When plans compete for it, can employees win?
When it comes to tax-deferrable income, employees can win if their employer helps them understand the true value of each type of savings or coverage offered to them, depending on their financial situation and where they are in their career.
The chart below compares seven common plans. That comparison, plus company matching, use it or lose it provisions, investment performance, flexibility of distribution options, and differences in tax law can make one type of salary deferral more appealing than another. However, it is not only possible but also appropriate that the appeal of one plan over others will evolve over time for any given employee.
Choosing a Pre-tax Savings Hierarchy
At most ages and circumstances, paying for medical expenses generally comes first. These can be direct payments premiums for medical coverageor indirecta flexible spending account (FSA) or health savings account (HSA). Next will usually be some form of savings, often in a plan offering a company matchlong-term for retirement or nearer-term for education or home purchases. The challenge for many companies is communicating the right information to help their employees choose how deeply to invest in the plan(s) that make sense for them at the time. Ideally, employers should present this information in a way that facilitates easy and regular re-evaluation by employees of their contribution and premium options.
The Life-cycle View
Employees savings goals change as lives and careers progress. For instance, employees unburdened by homeownership, childcare, or high medical costs might be inclined to save the maximum matchable percentage of their pay in their companys plan. Employees accompanied by children and a mortgage or other debt often find saving for education, home purchase, retirement, and family medical coverage or elder care to be higher priorities. Of course, as employees reach their 50s and 60s, their own age-related increases in medical costs further affect their spending behavior.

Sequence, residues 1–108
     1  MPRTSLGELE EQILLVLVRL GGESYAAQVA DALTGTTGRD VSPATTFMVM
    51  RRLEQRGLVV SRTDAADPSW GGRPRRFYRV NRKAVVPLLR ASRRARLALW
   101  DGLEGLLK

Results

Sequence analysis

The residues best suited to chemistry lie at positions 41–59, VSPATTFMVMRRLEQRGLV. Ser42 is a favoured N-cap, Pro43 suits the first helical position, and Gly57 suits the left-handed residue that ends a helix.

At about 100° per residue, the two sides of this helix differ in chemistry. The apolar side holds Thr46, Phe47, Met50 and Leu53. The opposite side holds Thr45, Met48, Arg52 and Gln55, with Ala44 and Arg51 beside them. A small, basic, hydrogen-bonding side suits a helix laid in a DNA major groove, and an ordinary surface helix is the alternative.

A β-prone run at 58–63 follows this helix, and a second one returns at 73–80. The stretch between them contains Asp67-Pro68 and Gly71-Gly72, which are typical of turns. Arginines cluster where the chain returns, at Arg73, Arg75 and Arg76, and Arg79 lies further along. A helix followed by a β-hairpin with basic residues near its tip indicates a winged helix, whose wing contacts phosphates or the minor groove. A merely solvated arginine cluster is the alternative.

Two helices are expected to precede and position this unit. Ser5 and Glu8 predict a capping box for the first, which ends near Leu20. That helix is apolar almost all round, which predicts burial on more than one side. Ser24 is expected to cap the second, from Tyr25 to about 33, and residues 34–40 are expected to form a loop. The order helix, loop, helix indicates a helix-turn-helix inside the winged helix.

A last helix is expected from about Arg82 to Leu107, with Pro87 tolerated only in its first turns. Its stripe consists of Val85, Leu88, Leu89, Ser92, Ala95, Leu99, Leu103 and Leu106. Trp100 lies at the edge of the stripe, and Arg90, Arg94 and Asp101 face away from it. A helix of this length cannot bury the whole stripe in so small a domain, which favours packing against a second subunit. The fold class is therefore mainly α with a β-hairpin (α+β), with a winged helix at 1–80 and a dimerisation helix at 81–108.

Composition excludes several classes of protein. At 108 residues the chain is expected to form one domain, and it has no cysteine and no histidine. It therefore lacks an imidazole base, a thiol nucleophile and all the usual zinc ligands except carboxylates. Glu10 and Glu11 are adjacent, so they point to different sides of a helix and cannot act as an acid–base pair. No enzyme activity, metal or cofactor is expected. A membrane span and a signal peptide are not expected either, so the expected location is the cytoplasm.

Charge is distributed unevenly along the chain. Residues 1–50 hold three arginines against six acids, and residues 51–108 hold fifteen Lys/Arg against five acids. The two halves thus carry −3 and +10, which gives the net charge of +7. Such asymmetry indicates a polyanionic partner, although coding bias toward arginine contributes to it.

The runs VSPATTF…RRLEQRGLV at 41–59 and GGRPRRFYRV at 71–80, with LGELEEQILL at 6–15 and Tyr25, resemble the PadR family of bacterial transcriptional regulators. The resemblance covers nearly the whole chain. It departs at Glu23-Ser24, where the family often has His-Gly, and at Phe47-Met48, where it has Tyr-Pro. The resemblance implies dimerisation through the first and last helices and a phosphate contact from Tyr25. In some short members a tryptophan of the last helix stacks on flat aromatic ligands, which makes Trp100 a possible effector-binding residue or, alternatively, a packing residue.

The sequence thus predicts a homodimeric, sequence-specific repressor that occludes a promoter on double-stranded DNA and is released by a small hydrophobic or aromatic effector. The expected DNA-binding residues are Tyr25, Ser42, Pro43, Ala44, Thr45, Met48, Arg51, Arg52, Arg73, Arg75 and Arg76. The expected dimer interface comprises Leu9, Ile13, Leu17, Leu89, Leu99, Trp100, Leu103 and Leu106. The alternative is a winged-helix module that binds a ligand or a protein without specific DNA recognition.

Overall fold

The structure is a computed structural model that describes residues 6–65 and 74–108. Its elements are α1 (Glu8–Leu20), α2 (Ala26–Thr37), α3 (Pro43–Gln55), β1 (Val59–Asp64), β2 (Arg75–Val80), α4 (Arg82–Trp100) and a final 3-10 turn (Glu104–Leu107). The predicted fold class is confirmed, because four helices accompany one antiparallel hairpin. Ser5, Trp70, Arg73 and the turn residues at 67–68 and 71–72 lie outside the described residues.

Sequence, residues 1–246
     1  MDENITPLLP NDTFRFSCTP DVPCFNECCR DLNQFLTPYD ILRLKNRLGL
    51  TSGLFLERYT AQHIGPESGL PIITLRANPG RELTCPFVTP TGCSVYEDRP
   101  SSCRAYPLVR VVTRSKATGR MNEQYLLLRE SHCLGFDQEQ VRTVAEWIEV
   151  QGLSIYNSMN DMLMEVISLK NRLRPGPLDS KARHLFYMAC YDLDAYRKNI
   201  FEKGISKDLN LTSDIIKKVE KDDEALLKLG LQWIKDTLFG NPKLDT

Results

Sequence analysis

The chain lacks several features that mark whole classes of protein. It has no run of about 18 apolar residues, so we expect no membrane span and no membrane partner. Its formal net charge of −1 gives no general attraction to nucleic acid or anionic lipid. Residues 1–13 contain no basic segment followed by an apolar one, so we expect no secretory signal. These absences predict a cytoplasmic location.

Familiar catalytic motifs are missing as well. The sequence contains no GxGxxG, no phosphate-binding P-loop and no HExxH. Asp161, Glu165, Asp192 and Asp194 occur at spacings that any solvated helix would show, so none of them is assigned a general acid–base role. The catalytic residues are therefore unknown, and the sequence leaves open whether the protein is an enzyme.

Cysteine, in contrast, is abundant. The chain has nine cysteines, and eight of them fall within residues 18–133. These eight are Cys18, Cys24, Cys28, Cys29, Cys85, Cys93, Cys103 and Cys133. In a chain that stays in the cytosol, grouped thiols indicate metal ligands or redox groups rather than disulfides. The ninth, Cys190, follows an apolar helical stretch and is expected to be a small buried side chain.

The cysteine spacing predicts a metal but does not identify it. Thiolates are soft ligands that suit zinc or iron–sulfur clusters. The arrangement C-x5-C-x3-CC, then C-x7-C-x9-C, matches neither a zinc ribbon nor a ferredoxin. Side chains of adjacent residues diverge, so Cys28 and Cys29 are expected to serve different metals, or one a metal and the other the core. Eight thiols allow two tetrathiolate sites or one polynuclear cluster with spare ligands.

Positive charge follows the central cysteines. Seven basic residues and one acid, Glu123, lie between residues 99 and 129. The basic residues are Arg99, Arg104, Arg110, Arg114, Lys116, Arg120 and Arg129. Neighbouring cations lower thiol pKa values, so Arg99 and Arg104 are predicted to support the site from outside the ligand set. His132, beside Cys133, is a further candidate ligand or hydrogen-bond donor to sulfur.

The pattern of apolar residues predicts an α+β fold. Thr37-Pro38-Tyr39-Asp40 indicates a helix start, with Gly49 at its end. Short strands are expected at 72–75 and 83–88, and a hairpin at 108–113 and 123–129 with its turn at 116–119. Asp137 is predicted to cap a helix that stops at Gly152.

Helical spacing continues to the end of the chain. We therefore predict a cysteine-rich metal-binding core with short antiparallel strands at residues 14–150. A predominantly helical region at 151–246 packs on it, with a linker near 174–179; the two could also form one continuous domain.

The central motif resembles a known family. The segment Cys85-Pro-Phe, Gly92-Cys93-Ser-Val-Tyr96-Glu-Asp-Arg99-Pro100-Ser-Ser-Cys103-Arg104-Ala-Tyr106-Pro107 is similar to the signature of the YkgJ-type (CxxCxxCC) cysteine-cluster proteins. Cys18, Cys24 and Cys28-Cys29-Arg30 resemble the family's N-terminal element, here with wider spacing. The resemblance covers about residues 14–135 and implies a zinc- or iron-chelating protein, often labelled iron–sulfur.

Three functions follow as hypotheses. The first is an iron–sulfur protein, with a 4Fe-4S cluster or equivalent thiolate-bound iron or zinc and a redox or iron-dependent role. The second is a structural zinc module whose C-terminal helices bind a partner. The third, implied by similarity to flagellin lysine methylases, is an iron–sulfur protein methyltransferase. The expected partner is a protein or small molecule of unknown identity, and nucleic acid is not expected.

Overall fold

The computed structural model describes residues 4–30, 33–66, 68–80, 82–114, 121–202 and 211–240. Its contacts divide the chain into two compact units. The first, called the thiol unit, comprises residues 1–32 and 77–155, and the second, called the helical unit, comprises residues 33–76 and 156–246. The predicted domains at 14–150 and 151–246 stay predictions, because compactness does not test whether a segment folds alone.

Can More Options Affect Nondiscrimination Testing?
The concern about the magnitude of lower-paid employees 401(k) contributions (relative to those of highly paid) remains relevant. Is the plan already suffering from poor nondiscrimination testing results? Or is current publicity about HSAs steering lower-paid employees away from 401(k) contributions and creating new nondiscrimination tension? Conversely, if the lowest-paid employees are living paycheck to paycheck, are they justified in paying pre-tax premiums for current medical coverage but for little else?
As long as employers are able to recognize and respond to these personalized communication challenges with understandable and accessible financial and tax information and guidance, competition among these plans for employees tax-deferrable dollars is a good thing. Then, and only then, will employees be able to properly allocaterather than dilutetheir disposable pre-tax income among employer-sponsored plans